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Matchbook Holder

Matchbook Holder

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Usage conditions apply
Slim, wedge-shaped, rounded-end rectangular case with snap-closure, hinged cover featuring horizontal, engine-turned ribbed bands and a rectangular reserve at bottom left engraved "R.H.K."; plain back is engraved "JAN. 24-18" in italic block letters. Folded tabs inside back at sides and bottom hold matchbook in place. Gold-washed interior. Inside cover is struck incuse at top left "TIFFANY & CO.", while inside back is struck along bottom "A.R.T.MFG.CO" above "STERLING" and "RE. PAT. NOV.29. 1917" above "4380" with a series of letters scratched between them.
Maker is A.R.T. Mfg. Co. of New York, NY. Firm made pieces for the retail trade, including Tiffany, Gorham and others; nothing further known, needs further research. Patent not found.
Currently not on view
Object Name
holder, matchbook
date made
ca 1918
Date made
1917 or 1918
inscribed date
patent date
place made
United States: New York, New York City
place sold
United States: New York, New York City
Physical Description
silver (overall material)
gold (interior wash material)
overall: 3/8 in x 2 1/4 in x 1 3/4 in;.9525 cm x 5.715 cm x 4.445 cm
ID Number
catalog number
accession number
Credit Line
Gift of Lucinda de Leftwich Templin, Ph.D., in memory of Ella Rice Templin
See more items in
Home and Community Life: Domestic Life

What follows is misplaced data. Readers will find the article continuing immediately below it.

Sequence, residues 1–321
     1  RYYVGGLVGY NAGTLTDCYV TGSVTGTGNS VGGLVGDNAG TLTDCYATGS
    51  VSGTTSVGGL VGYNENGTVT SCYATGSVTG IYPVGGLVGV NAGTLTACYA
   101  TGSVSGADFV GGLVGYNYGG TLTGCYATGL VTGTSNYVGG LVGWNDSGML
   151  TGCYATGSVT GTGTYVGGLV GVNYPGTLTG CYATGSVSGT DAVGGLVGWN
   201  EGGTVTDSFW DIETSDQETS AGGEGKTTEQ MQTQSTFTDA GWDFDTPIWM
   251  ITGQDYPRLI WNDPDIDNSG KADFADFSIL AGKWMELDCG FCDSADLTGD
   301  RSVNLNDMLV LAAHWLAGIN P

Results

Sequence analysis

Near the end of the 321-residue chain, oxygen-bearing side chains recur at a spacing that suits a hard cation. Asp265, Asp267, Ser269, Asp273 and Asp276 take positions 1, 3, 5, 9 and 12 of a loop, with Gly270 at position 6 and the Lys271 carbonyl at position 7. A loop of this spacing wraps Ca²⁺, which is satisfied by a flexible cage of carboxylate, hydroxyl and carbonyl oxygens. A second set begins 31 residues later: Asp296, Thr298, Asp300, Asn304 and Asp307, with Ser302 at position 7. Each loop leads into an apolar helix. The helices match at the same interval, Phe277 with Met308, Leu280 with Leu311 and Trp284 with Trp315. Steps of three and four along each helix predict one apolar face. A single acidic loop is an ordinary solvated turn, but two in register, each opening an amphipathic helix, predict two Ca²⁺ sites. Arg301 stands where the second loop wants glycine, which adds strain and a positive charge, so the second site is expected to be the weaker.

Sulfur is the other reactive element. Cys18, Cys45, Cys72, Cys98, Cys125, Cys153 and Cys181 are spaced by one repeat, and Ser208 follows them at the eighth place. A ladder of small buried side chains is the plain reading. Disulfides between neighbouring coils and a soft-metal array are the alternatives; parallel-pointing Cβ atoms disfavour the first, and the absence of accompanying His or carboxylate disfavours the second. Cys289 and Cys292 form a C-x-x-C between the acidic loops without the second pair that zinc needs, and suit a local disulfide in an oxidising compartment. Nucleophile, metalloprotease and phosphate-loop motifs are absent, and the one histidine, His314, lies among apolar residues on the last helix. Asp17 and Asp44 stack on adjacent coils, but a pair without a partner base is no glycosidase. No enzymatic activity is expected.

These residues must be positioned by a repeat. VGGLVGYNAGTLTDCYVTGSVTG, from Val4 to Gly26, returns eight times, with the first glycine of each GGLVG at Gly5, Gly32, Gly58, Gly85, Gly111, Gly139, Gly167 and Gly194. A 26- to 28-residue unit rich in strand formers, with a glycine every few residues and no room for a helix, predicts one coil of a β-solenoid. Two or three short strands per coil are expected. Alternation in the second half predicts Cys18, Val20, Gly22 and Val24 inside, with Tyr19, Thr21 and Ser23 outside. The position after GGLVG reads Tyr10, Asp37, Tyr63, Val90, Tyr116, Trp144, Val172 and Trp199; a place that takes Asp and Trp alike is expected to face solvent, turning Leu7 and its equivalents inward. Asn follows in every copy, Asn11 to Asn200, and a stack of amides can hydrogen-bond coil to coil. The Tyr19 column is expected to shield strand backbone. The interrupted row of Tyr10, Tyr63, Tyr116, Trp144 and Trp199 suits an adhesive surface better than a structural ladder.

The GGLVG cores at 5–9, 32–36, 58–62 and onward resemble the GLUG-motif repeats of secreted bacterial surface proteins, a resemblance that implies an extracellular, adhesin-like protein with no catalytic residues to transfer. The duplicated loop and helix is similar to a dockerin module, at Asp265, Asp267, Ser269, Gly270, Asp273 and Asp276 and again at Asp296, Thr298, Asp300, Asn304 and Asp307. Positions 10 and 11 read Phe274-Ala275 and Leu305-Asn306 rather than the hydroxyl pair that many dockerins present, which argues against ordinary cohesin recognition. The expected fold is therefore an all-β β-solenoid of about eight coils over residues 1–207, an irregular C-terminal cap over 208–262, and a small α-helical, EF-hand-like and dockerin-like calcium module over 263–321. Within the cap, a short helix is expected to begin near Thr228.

Domestic Furnishings
Data Source
National Museum of American History
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Hello. The original patent for this item is #749539 [Jan. 12, 1904] issued to Harold A. Dodge. This is the first U. S. invention patent for a matchbook holder. A couple months later, Dodge applied for a reissue, RE12290, which was granted on Nov. 29, 1904. This date has been often incorrectly cited on many matchbook holders as "Nov. 29, 1914." Your date of Nov. 29, 1917, is a new one on me. In any case, the correct date for the reissued patent is Nov. 29, 1904, even if the item is inscribed with some other date. A.R.T. were the initials of Mark Anthony, Samuel Robert, and Henry Traute. Traute is the marketing genius responsible for the enormous success of matchbooks themselves (he proposed giving matchbooks away free, while selling the advertising space on the matchbook) and the author of the most printed 4-word phrase in the English language: Close Cover Before Striking. He was a longtime employee, and then an executive, for the Diamond Match Co. The association between Dodge and A.R.T. can be traced to at least 1917 in a lawsuit where Dodge & Robert et. al. defended a patent infringement suit for RE12290 (243 fed 877 July 6, 1917, Circuit Court of Appeals, Third Circuit, #2243).

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